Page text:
Quantcast
Climate

Doomsday Clock Stays at Three Minutes to Midnight: At the 'Brink' of Man-Made Apocalypse

With "utter dismay," the Bulletin of the Atomic Scientists announced Tuesday that the symbolic Doomsday Clock will hold at three minutes to midnight—at the "brink" of man-made apocalypse—because world leaders have failed to take the necessary steps to protect citizens from the grave threats of nuclear war and runaway climate change.

"Three minutes (to midnight) is too close. Far too close," reads the statement by the Bulletin's Science and Security Board.

The decision not to move the hands of the Doomsday Clock "is not good news," it continues, "but an expression of dismay that world leaders continue to fail to focus their efforts and the world's attention on reducing the extreme danger posed by nuclear weapons and climate change. When we call these dangers existential, that is exactly what we mean: They threaten the very existence of civilization and therefore should be the first order of business for leaders who care about their constituents and their countries."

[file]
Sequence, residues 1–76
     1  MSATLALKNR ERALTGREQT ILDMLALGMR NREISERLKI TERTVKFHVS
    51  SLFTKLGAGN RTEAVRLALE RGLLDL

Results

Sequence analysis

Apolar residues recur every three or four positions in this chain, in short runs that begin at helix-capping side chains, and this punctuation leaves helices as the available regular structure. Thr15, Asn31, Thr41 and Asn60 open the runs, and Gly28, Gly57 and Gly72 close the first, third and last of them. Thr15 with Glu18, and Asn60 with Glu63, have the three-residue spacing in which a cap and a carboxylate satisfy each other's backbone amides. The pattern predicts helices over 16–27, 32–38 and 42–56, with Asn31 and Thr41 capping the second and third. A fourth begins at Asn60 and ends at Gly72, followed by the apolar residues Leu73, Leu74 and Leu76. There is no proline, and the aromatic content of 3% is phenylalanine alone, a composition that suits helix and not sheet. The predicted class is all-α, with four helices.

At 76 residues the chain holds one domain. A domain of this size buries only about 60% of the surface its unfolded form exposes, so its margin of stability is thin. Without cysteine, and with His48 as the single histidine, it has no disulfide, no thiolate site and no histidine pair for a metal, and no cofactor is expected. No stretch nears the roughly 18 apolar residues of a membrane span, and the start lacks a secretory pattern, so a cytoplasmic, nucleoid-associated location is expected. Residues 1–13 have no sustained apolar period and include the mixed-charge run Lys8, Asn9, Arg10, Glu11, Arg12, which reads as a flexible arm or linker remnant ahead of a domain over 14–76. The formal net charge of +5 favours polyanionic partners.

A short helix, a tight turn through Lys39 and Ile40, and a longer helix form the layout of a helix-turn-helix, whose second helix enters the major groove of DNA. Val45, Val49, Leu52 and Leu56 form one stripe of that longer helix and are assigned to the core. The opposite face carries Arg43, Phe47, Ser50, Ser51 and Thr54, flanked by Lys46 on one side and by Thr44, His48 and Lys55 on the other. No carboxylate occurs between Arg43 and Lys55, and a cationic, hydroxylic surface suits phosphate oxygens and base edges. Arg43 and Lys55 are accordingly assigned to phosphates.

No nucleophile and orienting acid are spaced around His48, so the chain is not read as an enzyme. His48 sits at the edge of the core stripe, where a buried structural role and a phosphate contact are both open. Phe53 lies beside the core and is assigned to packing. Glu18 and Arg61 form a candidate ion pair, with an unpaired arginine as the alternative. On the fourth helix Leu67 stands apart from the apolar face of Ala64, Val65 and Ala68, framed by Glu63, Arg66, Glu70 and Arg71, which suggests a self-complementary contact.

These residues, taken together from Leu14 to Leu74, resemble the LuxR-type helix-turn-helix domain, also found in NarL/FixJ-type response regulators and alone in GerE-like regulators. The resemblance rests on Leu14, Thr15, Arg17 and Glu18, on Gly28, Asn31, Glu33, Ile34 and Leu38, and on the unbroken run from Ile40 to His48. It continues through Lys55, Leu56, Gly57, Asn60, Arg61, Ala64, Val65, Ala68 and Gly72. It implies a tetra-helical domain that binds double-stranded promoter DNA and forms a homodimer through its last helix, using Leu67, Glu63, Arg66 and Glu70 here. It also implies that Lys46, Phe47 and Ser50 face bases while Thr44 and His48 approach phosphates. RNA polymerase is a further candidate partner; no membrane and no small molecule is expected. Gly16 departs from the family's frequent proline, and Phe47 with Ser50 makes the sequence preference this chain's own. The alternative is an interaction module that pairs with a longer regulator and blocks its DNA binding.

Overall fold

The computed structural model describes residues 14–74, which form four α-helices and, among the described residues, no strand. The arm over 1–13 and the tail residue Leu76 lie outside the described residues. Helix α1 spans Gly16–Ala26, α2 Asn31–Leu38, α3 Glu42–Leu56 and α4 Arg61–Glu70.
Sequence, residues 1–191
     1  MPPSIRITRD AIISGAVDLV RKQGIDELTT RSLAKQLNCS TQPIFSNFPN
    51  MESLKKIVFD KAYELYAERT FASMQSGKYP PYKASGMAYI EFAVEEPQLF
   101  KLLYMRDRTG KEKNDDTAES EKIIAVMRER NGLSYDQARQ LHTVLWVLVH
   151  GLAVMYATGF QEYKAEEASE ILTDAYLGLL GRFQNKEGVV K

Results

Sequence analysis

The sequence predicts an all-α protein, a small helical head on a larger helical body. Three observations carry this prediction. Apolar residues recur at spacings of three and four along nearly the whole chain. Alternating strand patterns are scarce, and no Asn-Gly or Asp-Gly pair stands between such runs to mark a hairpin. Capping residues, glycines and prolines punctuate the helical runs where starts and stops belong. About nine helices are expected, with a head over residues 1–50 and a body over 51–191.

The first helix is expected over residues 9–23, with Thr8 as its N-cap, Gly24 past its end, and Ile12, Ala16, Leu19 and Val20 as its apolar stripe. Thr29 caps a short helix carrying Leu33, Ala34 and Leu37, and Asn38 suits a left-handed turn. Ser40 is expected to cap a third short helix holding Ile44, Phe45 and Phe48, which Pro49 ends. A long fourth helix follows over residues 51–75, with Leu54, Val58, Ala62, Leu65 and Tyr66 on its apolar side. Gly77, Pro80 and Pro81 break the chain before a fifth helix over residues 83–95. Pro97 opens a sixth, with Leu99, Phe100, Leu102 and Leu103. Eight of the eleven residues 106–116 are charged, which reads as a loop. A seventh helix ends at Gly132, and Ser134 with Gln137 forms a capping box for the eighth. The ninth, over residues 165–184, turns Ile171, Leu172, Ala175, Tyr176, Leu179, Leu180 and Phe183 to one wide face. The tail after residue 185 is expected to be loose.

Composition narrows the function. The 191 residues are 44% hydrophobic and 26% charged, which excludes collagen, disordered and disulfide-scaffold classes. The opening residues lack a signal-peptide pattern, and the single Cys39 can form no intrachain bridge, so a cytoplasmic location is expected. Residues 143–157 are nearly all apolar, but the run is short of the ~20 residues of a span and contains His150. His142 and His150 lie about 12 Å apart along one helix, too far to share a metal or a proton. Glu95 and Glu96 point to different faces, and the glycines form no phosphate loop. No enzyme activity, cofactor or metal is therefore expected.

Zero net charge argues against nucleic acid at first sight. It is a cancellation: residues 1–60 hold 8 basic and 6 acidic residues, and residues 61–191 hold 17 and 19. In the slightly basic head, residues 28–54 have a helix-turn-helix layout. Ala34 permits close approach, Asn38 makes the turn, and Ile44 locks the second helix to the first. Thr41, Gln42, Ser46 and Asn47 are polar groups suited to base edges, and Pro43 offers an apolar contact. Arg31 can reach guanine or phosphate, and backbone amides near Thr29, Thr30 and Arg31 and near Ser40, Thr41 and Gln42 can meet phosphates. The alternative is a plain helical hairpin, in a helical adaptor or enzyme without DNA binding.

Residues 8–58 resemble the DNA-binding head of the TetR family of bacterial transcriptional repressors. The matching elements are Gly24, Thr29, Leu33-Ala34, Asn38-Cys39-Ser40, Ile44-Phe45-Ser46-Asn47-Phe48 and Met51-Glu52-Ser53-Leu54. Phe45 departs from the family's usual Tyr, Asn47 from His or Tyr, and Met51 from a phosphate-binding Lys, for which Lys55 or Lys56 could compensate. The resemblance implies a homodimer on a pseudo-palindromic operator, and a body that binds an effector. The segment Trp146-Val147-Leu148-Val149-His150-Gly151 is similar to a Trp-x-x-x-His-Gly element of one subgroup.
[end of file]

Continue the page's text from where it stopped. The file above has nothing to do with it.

The Bulletin's Science and Security Board in consultation with its Board of Sponsors, which includes 17 Nobel Laureates, ruled last year to move the clock forward from five minutes to midnight to three in response to the competing threats of "unchecked climate change, global nuclear weapons modernizations and outsized nuclear weapons arsenals."

The board acknowledged some bright spots over the past year, namely the Iran nuclear agreement and the Paris Climate Accord, but said that "they constitute only small bright spots in a darker world situation full of potential for catastrophe."

The statement continues: